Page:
HBF is pleased to connect our blog readers to Christine Kukka’s monthly HBV Journal Review that she writes for the HBV Advocate. The journal presents the latest in hepatitis B research, treatment, and prevention from recent academic and medical journals. This month, the following topics are explored:
HBV Liver Cancer Requires Aggressive Treatment from the Start
Experts: Treat Cirrhotic Patients, Even if Viral Load Is Low
Some Patients Can Safely Stop Antiviral After Four Years
Tenofovir Safe and Effective in Pregnant Women with Drug Resistance
Researchers Discover Why Children Become Chronically Infected
Expert Recommends Treatment for Mental Confusion from Cirrhosis
Antivirals Increase Survival After Liver Cancer Treatment
HBV Patients with Diabetes Have a Higher Risk of Liver Cancer
Long-term Antiviral Use Increases Hip Fracture Rates Slightly
Second Vaccine Series May Be Needed for Children with Celiac Disease
Researchers Find HBV B Strain in Cuba Did Not Come from Africa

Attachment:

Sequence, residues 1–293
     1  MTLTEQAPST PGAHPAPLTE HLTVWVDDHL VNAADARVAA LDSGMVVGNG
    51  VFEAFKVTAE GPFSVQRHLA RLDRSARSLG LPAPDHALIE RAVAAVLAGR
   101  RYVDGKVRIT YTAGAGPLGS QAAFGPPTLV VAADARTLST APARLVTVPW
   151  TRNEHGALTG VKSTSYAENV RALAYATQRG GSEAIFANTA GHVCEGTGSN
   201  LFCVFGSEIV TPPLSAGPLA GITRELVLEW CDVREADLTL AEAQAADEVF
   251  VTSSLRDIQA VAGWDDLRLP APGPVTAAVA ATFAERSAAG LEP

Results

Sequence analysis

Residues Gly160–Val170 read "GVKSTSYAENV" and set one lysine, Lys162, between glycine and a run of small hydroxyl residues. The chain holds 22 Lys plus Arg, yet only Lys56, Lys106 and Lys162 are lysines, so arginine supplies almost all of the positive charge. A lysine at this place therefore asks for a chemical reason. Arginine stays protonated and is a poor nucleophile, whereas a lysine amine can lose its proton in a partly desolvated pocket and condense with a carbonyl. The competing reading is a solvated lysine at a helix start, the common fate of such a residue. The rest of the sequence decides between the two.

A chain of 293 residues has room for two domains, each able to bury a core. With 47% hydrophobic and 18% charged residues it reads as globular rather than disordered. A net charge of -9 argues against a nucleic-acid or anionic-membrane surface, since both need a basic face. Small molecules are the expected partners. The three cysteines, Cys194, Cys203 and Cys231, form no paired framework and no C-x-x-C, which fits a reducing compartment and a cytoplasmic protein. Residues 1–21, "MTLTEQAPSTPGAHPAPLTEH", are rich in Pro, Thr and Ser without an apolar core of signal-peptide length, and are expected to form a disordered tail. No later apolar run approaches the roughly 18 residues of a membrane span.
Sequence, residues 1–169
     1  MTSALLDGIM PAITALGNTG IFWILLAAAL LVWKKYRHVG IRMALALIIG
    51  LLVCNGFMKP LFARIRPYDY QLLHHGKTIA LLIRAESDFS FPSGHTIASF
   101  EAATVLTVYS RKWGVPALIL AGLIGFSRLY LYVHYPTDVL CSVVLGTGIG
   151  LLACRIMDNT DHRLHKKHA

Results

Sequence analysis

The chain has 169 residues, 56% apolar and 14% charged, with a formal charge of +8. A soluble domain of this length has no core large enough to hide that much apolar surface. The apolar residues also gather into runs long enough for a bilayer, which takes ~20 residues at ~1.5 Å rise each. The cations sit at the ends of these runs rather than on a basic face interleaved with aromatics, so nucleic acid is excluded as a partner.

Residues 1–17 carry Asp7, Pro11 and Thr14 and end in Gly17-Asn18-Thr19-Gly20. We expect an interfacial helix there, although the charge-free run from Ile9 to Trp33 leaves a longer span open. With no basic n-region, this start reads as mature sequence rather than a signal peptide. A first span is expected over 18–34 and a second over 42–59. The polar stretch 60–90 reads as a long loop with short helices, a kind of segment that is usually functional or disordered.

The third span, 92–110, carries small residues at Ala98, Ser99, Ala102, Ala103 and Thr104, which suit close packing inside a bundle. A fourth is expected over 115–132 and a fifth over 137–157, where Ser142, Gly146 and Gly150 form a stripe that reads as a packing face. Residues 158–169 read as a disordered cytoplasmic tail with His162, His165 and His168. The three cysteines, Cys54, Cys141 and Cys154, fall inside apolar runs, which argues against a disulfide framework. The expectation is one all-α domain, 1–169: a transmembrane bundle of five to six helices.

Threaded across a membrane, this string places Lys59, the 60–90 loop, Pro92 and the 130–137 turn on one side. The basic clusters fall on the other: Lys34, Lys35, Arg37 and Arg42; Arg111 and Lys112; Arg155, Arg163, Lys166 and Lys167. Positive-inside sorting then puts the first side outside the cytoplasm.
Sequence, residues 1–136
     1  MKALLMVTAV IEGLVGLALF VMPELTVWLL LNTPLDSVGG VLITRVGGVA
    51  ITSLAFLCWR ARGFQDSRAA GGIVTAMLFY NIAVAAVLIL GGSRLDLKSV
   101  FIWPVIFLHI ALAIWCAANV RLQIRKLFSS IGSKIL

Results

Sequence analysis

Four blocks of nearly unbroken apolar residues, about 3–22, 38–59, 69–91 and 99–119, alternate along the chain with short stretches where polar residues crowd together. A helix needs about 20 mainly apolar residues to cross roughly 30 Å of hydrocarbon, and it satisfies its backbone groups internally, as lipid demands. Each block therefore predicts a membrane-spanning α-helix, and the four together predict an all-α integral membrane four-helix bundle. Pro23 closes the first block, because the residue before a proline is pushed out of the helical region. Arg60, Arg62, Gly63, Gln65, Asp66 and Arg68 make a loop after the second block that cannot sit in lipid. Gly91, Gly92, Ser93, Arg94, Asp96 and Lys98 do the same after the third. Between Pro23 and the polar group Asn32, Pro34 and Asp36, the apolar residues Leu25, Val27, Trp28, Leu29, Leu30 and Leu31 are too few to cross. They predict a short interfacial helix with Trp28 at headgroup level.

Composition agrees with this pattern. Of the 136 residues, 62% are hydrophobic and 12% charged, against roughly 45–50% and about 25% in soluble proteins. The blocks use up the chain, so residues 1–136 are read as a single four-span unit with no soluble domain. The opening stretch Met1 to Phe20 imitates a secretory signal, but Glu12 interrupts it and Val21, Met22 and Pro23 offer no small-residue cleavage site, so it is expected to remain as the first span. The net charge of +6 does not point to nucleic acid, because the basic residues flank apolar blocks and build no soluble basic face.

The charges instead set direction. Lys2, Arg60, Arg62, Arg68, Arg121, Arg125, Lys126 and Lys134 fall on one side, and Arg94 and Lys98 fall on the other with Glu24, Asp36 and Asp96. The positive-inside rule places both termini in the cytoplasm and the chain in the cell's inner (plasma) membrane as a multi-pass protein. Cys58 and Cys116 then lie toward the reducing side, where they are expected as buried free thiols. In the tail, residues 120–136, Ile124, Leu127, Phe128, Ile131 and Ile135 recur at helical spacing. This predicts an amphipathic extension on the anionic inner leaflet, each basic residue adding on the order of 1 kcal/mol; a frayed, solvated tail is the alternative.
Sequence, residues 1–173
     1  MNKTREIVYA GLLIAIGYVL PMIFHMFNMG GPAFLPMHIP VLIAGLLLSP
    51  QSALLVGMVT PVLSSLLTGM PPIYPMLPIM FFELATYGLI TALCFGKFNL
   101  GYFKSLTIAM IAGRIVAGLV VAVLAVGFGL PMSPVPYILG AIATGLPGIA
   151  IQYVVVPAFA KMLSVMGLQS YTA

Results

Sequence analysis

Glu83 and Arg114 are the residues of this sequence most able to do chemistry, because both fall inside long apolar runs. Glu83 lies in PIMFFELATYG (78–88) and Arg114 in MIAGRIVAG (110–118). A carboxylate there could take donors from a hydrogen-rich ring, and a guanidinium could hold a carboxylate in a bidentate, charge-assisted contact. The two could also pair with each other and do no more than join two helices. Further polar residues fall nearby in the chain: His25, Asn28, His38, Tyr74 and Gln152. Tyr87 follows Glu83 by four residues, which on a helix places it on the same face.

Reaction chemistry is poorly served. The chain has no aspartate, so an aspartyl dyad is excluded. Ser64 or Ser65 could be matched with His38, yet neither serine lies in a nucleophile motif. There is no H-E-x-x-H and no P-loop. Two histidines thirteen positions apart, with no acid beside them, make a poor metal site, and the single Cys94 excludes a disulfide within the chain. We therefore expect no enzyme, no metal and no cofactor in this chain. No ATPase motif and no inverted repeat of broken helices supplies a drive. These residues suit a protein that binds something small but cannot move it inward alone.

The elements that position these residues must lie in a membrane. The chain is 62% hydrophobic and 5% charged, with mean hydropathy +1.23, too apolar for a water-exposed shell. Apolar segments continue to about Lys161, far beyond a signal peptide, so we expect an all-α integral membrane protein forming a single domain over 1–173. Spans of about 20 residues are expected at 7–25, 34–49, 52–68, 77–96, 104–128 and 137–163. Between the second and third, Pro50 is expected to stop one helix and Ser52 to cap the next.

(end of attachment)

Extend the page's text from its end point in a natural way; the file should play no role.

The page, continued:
What support services are available for patients and families that are facing liver cancer? Are there any assistance programs to help pay for treatment or other costs? What about online or community support?
Listen to this webinar from the Hepatitis B Foundation’s Liver Cancer Connect program. Guest speakers Karla Pillote, a nurse practitioner at Johns Hopkins’ Sibley Memorial Hospital in Washington DC, and Andrea Wilson, founder of BlueFaery: The Adrienne Wilson Liver Cancer Association, explain how families can access valuable services.
In celebration of Asian Pacific Heritage Month, Dr. moon Chen, Principal Investigator for the Asian American Network for Cancer Awareness Research and Training (AANCART) and UC Davis professor, reflects on the unnecessary cancer burden in Asian American and Pacific Islanders, including the burden of hepatitis B related liver cancer. Continue reading "May is Asian Pacific American Heritage Month"→
According to media headlines, a recent study apparently found that cancers are mainly caused by “bad luck.” But are the headlines accurate? And if so, do we just cross our fingers and hope for the best? Continue reading "Not Just Bad Luck"→